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A Rusty Pilot Tale

by John White |

I never expected to be a rusty pilot, let alone one who had not flown for 8 years!

But, that’s where I found myself last fall. 

Over the years I have flown (and owned) a number of aircraft, ranging from a Piper J3 Cub, piston twins, turboprop aircraft, old Citations and DC-3s.

My wife is also a Rusty Pilot, and we decided to get active again.

Off we went to the local FBO to get checked out and be able to rent some airplanes.

The Checkout

We decided I would get checked out first. 

Upon arrival at the airport I noticed the ceiling had deteriorated. So into the office I trundled to meet the instructor, a very nice young man with about 1,800 hours. He quickly let me know that this was a part time job, that he was an ATP pilot flying second in command on a Lear 45. His first reaction was that today was a no go - until he looked at my logbook.

The plan became “Let’s takeoff, contact the Great Lakes Approach and climb on top.” Then we would do some airwork at least.

The First Surprise

What, no steam gauges! What was this? 

Staring in my face was a Garmin G5 Flight Director. 

This I was not ready for, nor did I expect it. But, not to be deterred we departed for the tops.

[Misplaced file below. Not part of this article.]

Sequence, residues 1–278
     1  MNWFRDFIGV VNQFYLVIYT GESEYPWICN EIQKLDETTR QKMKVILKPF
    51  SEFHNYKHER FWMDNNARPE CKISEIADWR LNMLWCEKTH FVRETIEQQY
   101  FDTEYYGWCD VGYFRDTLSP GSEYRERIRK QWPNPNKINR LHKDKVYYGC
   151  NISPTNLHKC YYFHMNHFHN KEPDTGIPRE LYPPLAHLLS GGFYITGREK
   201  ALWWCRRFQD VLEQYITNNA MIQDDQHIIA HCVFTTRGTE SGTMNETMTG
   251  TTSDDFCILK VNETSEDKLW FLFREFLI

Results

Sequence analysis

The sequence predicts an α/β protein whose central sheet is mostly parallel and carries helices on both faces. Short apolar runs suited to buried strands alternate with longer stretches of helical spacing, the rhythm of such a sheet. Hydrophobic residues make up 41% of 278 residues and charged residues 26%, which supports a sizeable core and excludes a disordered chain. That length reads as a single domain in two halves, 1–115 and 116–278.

Problem is we couldn’t find the tops as we climbed out in the Piper Archer. 

The instructor promptly informed me that all of the aircraft at the FBO had Garmin G5s in them, so I need to get used to it right away.

My IFR Checkout

The first thing that happened was the instructor kept encouraging me to use the autopilot!

What the heck?

I wanted to get proficient and he wanted me to use the autopilot! Not going to happen.

An hour and a half later we are back at the airport, the ceiling is 500 feet and so I shot the approach using the Garmin 430. 

No problem, we made minimums and landed with no problems at all.

Post Flight Thoughts

Are newer pilots all so focused on autopilots? 

 Heck, most of the airplanes I have flown throughout my life did not have one.

I found that the G5 forces you to stare straight ahead. No scanning of the panel, no head movement, no real sense of piloting.

The brave new world, I guess.

What Do You Think?

John a/k/a JetAviator7

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